There’s sometimes a delicate balancing act that an artist has to manage when working for a demanding client – to keep the client happy and also produce work that is artistically good. And it can be particularly delicate when working for a powerful art director or editor who might have a strong opinion about how the final work should look. The artist knows that he/she is on the payroll to do whatever the client wants, but sometimes its just too difficult – too stomach churning to do what the client demands because the idea is so artistically bad. Usually the artist can make diplomatic suggestions to improve the quality of the commissioned art. But in some cases the artist has to give in and just do the job…
The artist, in this case, was my father. The assignment was a big one – Time’s Man of the Year for 1960. My Dad personally liked the Time executive who gave him the prestigious assignment and also presented the cover concept to him. But the concept was, in my father’s opinion, bad. My Dad, however, felt obliged to do what he was asked to do, and not interfere.
It was December 29, 1959 and Jim Keogh, Senior Editor of Time Magazine, took my Dad to lunch at Rockefeller Center to the Cafe Louis XIV. It was one of the restaurants that frequently catered dinners and luncheons to the Time offices when my father worked there.
Keogh was very excited to tell my father about an upcoming and important assignment and impressed upon my father that it was top secret. But once in the restaurant he spoke up and told my father that he’d be doing the 1960 Man of the Year cover of Dwight D Eisenhower, the 34th President of the United States of America.
Usually it was Otto Fuerbringer, the Managing Editor, who ultimately signed off on cover concepts with my father. But this time Jim Keogh was acting on his own while Fuerbringer was out of the country on business.
Normally my father suggested ideas for the background art and discussed it with senior editorial, and then when it was approved, the research department would prepare source information for him to work from. Keogh was relatively new to his job at this time and had been relying on my Dad to pull together cover concepts for him for a while (particularly the difficult ones). In doing so he had given my father a lot of creative freedom – even okaying covers without preliminary sketches, so my Dad felt obliged to go along with Keogh on this one – especially since Keogh was so proud of the idea.
Keogh insisted that the earth should be seen from space behind Eisenhower with Washington DC and Europe visible. So after lunch Keogh had the chief researcher Nancy Faber take my father down to the Rand McNally store to buy an expensive globe for him to work from.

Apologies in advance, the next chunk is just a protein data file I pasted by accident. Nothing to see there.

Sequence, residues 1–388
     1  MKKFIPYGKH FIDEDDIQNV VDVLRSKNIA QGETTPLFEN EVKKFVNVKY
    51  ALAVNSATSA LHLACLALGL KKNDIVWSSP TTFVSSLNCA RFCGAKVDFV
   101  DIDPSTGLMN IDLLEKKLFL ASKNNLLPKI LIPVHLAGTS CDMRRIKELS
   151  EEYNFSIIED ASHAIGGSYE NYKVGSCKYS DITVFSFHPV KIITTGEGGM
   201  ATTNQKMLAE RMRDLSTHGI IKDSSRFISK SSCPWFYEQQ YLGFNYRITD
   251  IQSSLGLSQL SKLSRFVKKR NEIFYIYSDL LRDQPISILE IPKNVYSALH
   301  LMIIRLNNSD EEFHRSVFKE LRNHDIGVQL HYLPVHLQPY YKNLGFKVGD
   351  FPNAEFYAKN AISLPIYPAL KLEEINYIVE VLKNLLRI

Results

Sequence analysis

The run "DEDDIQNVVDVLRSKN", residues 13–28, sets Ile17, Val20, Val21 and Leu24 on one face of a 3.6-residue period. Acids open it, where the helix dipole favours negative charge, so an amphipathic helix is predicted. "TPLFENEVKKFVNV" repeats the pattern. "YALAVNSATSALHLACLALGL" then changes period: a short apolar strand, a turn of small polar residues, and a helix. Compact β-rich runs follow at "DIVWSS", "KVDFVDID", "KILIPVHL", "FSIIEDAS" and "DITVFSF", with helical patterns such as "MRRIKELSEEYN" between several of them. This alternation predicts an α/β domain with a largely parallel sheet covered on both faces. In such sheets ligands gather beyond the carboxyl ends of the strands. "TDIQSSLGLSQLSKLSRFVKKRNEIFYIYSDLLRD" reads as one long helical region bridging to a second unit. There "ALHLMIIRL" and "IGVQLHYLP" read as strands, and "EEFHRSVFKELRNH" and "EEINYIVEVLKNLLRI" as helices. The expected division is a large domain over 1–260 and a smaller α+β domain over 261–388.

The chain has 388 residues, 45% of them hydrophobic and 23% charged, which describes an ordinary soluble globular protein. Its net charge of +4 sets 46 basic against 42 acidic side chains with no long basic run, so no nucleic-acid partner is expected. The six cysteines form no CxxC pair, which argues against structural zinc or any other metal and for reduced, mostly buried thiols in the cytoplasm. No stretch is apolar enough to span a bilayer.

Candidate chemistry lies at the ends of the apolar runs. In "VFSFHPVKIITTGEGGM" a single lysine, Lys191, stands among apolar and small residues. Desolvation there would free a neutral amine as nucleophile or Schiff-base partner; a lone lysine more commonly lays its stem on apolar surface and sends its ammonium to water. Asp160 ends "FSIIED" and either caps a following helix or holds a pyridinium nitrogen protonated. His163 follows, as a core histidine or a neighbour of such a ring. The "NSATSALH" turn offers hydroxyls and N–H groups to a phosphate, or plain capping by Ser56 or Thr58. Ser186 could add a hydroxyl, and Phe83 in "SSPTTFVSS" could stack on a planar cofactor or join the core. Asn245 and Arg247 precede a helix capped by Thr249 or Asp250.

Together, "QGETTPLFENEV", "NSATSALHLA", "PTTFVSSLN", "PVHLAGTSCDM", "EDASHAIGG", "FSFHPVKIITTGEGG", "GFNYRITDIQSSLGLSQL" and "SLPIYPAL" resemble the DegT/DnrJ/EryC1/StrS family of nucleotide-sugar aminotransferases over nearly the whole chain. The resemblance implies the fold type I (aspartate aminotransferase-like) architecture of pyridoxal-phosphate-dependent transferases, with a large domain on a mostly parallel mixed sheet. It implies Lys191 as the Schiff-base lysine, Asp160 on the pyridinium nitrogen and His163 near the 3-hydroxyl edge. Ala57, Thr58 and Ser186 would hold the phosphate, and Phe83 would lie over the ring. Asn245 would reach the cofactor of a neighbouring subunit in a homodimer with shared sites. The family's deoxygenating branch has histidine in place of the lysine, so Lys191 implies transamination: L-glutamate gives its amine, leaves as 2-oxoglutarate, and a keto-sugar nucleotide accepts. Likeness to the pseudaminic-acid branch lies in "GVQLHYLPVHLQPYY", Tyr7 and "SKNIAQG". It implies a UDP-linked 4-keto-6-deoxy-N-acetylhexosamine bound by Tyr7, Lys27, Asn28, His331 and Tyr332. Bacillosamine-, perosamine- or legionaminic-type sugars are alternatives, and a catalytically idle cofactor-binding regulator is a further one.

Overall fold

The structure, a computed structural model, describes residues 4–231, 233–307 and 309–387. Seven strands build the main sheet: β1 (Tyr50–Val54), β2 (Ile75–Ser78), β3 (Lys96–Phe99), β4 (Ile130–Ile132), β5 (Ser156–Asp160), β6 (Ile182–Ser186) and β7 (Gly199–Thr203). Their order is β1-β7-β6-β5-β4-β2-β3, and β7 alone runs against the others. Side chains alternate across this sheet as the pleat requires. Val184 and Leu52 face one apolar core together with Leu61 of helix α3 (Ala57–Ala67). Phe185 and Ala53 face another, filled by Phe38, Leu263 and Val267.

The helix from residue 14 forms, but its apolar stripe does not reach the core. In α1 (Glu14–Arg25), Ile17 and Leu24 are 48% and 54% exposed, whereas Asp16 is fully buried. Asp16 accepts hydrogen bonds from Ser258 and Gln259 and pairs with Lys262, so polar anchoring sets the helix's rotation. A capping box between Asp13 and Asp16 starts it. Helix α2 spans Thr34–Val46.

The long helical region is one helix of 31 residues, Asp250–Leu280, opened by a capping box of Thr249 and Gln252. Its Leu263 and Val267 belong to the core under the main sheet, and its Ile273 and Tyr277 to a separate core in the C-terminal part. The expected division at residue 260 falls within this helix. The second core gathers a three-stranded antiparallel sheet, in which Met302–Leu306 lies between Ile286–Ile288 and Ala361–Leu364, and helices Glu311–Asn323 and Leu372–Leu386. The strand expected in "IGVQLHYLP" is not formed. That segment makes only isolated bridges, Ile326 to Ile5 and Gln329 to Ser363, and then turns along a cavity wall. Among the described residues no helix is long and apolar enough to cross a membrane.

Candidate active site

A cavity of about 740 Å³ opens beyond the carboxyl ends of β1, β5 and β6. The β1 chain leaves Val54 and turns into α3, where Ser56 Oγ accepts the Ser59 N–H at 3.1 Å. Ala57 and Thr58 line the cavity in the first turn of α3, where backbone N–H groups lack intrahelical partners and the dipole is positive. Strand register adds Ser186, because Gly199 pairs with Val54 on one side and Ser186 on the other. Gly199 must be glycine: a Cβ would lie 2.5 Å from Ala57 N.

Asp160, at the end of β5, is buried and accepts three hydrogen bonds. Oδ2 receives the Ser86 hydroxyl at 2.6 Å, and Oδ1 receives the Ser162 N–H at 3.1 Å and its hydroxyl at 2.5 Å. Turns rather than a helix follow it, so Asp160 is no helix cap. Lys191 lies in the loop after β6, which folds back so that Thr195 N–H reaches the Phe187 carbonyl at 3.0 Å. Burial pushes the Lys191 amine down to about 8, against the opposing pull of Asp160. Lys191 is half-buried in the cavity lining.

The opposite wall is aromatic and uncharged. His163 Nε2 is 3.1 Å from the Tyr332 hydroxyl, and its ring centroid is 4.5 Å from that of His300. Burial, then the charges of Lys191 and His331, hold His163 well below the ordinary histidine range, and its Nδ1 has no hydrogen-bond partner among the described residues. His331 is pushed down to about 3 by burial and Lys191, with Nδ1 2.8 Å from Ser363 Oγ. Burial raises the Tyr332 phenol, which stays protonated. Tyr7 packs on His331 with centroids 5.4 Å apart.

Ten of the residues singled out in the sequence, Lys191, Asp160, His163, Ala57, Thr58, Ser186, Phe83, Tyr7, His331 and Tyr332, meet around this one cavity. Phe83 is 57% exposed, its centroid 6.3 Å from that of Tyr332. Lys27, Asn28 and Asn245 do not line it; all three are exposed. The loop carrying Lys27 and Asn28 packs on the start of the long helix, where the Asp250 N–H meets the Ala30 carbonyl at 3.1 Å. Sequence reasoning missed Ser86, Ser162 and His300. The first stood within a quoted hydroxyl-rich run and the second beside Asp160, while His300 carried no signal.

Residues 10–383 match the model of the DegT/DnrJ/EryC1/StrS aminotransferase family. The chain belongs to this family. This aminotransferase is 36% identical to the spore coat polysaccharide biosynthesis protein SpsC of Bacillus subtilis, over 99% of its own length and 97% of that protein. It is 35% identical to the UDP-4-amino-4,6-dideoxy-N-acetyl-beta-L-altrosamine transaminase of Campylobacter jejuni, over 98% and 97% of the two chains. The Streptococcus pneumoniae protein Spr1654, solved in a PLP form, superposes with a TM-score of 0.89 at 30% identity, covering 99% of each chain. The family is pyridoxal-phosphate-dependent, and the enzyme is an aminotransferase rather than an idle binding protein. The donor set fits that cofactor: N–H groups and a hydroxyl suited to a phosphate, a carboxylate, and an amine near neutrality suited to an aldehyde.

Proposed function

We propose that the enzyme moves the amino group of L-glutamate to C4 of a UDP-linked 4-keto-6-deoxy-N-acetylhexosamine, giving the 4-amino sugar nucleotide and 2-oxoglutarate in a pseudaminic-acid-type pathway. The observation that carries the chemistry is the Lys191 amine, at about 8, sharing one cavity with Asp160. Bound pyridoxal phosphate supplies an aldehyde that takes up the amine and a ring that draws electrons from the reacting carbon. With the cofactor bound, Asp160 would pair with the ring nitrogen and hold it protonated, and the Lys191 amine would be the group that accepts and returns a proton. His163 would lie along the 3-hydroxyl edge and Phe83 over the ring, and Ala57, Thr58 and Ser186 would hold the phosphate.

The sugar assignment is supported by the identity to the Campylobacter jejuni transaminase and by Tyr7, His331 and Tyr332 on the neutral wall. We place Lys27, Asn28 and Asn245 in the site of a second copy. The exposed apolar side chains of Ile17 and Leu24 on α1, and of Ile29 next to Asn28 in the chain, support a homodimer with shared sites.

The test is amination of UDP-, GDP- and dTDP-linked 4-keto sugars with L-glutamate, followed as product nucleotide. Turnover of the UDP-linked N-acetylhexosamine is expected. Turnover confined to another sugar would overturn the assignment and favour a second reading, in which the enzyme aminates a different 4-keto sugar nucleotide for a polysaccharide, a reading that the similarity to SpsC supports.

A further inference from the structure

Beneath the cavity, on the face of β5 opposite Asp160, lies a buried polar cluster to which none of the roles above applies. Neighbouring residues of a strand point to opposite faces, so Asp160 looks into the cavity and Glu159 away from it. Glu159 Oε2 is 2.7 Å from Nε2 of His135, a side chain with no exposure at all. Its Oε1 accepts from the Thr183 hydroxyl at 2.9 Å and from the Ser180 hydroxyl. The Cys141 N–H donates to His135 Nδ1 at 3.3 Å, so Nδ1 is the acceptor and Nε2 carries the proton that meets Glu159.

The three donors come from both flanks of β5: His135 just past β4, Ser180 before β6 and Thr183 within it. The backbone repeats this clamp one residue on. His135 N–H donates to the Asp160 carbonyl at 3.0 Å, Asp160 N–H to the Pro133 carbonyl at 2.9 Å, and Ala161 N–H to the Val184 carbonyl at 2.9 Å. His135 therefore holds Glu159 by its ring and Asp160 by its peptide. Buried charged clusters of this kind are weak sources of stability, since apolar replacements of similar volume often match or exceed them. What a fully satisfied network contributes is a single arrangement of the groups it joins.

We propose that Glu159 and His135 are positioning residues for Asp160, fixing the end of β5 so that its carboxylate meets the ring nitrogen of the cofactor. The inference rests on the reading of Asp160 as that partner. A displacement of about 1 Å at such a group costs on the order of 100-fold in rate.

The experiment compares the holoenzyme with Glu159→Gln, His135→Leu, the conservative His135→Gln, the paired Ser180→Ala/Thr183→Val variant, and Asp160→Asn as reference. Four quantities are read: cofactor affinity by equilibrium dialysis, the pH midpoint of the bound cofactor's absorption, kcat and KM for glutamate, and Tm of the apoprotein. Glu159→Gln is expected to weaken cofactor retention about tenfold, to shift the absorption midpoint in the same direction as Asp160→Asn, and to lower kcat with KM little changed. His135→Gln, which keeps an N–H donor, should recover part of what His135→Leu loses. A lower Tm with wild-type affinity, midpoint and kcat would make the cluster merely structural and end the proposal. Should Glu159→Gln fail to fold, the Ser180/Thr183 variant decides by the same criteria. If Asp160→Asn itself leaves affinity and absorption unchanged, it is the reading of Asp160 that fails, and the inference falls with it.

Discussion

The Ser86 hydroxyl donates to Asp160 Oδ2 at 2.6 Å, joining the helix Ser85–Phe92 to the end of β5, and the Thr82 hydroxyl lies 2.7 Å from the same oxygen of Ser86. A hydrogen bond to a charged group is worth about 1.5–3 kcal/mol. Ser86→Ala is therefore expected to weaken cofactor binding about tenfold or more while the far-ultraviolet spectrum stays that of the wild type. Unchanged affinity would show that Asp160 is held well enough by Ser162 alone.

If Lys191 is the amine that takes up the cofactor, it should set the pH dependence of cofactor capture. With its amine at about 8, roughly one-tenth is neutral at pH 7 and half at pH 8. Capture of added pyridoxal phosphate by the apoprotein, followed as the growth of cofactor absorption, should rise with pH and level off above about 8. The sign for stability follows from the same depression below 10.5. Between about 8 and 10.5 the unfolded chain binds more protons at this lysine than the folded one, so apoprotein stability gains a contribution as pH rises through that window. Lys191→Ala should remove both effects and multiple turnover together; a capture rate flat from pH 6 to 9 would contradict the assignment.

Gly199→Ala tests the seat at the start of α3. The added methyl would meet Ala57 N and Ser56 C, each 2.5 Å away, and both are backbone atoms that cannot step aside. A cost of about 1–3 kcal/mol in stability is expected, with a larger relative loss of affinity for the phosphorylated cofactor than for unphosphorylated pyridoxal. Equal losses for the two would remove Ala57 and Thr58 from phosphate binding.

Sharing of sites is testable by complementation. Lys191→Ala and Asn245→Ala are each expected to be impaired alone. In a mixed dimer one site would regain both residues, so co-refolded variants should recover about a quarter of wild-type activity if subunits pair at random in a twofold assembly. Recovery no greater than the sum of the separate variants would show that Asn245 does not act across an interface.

Keogh also insisted that a needle and thread be bound around a giant rock (over Washington, DC) and then strung across the Atlantic and pinned to Bonn, Paris and London… I guess it symbolized the stability the US government represented to Europe during the Cold War.
It was an important portrait so Time sent my Dad to Washington to an Eisenhower press conference at the White House so he could see the man in person and meet him – this was both to give my father the best reference material possible and to give him a perk for a job well done.
While he was at the White House he also met Thomas Gates the Secretary of Defense, and according to his notes: “all the other military brass”.
The magazine put my father up in the Time suite at the Sheraton Hotel.
When my father delivered the finished painting all the editors thought it was great – even the Managing editor Ray Alexander came along and complimented him on the head.
When it was published my Dad went in for proofs of the painting for his files, and Nancy Faber told him that she’d nearly lost her job because he’d forgotten to put Austria on the map. While he was talking to Nancy, the Associate Editor, Champ Clark stopped by to say how good the Man of the Year cover was and Nancy said “Some knucklehead left Austria out.”
Otto Fuerbringer was just back from a trip to China and asked my father into his office. He talked casually about how much he loved Chinese food and how much weight he’d put on on the trip.
My Dad wrote about this conversation in his journal: “Then he (Otto) said that his daughter had liked the cover but wanted to know why I had put a rock in it.” and My Dad answered, “Ask Keogh, not me!”
My Dad was distressed by this fallout because he’d known the idea was bad from the beginning and that he hadn’t done his “part in opposing it”. He also felt very bad about leaving out an entire country from the map.
Being not so great at geography and borders, I can easily understand the mistake myself…
The portrait of President Dwight D Eisenhower, 34th President of the United States of America by Bernard Safran is part of the Smithsonian Institution’s National Portrait Gallery collection in Washington, DC